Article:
(Young Voices Speak is eaglenews.ph’s blank space for the youth to share their opinions, views, and perspective on any topic, issue, or matter)
By Mendy Amarondon, Precious Joshua Corpuz and Daryll Jane Jemino
Young Voices contributors
At last came the long-awaited moment. After months of military offensive, the conflict in Marawi City has finally come to an end.
“I hereby declare Marawi City liberated from the terrorist influence that marks the beginning of rehabilitation of Marawi,” said by President Rodrigo Duterte when he visited Marawi last October 17.
According to government reports , the clashes began during an offensive in Marawi to capture Isnilon Hapilon, the leader of the ISIL-affiliated Abu Sayyaf group, after receiving reports that Hapilon was in the city, possibly to meet with militants of the Maute group. A deadly firefight erupted when Hapilon’s forces opening fire on the combined Army and police teams, and called for reinforcements from the Maute group — an armed group that pledged allegiance to the Islamic State, and which is believed to be responsible for the 2016 Davao City bombing, according to military spokesmen. And on October 16, 2017, Isnilon Hapilon is declared dead.
But what is really the effect of such an announcement?
Still a long way to go
Despite the death of the two leaders of the Maute Group along with their other members, there’s still a long way to go for our countrymen in Marawi.
The question is, is this really the end of terrorism?
If we really want war to end, we are going to have to work to end it. Even if you think war is lessening, it won’t continue doing so without work. And as long as there is any fighting, there is a significant danger of widespread war. Wars are notoriously hard to control once begun. With nuclear weapons in the world, any war-making carries a risk of apocalypse. War-making and war preparations are destroying our natural environment and diverting resources from possible rescue efforts that would preserve a habitable climate. As a matter of survival, war and preparations for war must be completely abolished, and abolished quickly.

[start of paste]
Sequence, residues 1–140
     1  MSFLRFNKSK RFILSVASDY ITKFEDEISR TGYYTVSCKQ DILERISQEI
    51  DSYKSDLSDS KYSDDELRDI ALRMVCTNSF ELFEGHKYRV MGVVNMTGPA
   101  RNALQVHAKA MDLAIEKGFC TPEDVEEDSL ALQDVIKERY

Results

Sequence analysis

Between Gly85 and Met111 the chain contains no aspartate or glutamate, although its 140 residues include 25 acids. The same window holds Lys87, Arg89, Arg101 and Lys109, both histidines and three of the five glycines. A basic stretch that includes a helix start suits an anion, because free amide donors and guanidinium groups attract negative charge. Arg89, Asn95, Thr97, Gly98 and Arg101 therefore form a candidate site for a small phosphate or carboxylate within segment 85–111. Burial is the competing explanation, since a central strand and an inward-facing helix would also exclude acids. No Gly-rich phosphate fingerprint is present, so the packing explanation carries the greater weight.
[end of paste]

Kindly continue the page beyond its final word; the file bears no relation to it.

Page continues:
One of our primary targets therefore is false beliefs, propaganda, a broken communications system. War does not necessarily produce racism, and racism does not necessarily produce war. But racist thinking makes some of our friends and neighbors more accepting of war against different-looking people. Of course, we need to abolish racism anyway, apart from its contribution to militarism.
Along with the need for urgent measures to combat terrorism, it is necessary to identify and investigate the factors that give rise to this dangerous phenomenon: the socio-political, historical, ideological, and economic factors. Without the study and analysis of these factors, a complete victory over terrorism is not possible. It is also necessary to identify an agreed definition of “terrorism”, which would bring the anti-terrorist struggle out of the circle of theoretical discussions on the level of the real, effective actions to combat terrorism.
The only way to truly end terrorism is to look at what we fear and deal with it. This is something we can do. We value life more than death, and that is the tool that terrorists use against its victims. The belief that life is more precious than death, would weaken and lessen terrorism.
Mendy Amarondon is a 4th Year AB Mass Communications student from New Era University. She has directed musical plays, served in the student council, and had been a lead actress in an original musical play. During her spare time, she reads mystery novels and science fiction.
Precious Joshua Corpuz is a 4th Year AB Mass Communications student in New Era University. Aside from games, he is also into cars.
Daryll Jane Jemino is a 4th Year AB Mass Communication student in New Era University. When not engaged in theater and TV production, she spends her time making documentaries, music videos and films.
(edited by Jay Paul Carlos, additional research by Vince Alvin Villarin)